Living History: The Garrison
Living History volunteers are organized into two groups: The Garrison and La Gente.
The Tucson Presidio Garrison portrays soldiers of the Spanish Colonial frontier at the Presidio. These men were volunteers who chose life in the army. The frontier was difficult, but it offered the opportunity for social advancement. The troops were diverse, with Mexicans, Indians, Irish, Italians, blacks, and mixed races making up the frontier Army. Their tasks were many and varied. They campaigned, escorted supplies, carried the mail and successfully spread the doctrine of the King of Spain. The Garrison interpreters bring the walls of the presidio alive with cannon fire and military drill.
The Garrison soldiers are some of the best ambassadors of the Tucson Presidio Trust for Historic Preservation. The "soldados" are uniformed as the Spanish forces assigned to the area of present day Arizona. Dressed as the Catalonian Volunteers, Dragoons of Spain, or as Presidio soldados, the group interprets life at the presidio. Support is provided to the Garrison by The Leather Factory and Bladeseller.com
Jobs for The Garrison include:
- Cannon drill
- Demonstrating soldier life
Volunteers perform the work of soldiers at the Presidio. Musketry, and cannon firing are performed.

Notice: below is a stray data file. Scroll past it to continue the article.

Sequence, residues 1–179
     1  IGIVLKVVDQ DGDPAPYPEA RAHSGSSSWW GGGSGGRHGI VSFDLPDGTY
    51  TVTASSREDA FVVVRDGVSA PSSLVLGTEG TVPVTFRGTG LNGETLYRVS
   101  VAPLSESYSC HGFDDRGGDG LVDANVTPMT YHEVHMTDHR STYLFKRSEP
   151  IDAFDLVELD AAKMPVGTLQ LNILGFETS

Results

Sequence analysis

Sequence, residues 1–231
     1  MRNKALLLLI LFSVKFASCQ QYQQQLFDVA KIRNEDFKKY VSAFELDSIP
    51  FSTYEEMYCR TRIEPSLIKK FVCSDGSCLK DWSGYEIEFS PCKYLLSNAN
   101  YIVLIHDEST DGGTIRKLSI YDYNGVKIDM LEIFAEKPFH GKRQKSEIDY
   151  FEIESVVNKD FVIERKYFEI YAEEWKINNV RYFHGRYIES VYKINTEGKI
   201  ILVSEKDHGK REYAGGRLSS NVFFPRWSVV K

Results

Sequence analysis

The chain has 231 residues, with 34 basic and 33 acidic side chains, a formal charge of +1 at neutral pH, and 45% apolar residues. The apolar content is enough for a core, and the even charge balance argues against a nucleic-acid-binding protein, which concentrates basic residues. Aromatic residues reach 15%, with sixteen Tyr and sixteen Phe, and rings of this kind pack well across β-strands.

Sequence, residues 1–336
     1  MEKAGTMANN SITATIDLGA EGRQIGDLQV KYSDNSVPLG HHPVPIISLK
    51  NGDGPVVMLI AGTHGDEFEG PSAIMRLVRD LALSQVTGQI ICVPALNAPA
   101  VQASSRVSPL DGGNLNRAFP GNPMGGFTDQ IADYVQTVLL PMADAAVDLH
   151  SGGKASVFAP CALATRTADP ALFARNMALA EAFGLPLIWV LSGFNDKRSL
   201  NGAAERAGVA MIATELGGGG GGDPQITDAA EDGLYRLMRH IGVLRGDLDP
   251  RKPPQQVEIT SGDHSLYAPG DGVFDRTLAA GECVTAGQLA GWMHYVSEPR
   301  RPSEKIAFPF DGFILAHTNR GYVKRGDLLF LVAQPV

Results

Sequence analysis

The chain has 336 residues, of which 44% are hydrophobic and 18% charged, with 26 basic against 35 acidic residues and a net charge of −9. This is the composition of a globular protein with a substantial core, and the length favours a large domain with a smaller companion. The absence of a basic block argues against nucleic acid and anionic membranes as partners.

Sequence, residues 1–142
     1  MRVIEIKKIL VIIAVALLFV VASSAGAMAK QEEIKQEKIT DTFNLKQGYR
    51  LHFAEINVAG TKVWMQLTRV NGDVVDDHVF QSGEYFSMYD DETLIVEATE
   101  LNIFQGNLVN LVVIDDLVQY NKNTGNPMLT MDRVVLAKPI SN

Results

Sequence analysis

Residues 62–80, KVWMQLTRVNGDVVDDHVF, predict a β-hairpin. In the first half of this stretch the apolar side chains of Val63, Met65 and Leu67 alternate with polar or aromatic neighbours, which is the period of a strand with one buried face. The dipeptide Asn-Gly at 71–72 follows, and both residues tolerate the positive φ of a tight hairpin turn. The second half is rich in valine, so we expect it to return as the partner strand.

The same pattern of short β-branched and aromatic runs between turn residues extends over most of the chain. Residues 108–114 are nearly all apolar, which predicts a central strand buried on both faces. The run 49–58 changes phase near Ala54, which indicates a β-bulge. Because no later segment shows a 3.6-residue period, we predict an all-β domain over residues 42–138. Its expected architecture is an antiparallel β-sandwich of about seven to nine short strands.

Making the Commitment
Volunteers must commit to one Saturday a month from five to ten hours. “Living History” days are currently the second Saturday of each month, but another Saturday each month may be added.
The majority of Living History demonstrations are presented at stations that are outdoors. Tasks are performed in a variety of weather conditions. Much like our ancestors, volunteers experience beautiful Sonoran desert days, along with a few hot ones and the occasional monsoon!
Occasionally volunteers support other organization functions and City of Tucson functions by attending and assisting with different events.
Parking is free on Saturdays. During the week volunteers may have to pay for street parking. Lunch is always provided for volunteers.
E-mail Rick Collins at or Michael Araiza at
Click here for our Volunteer Interpreter's Guide to Spanish Colonial Costumes.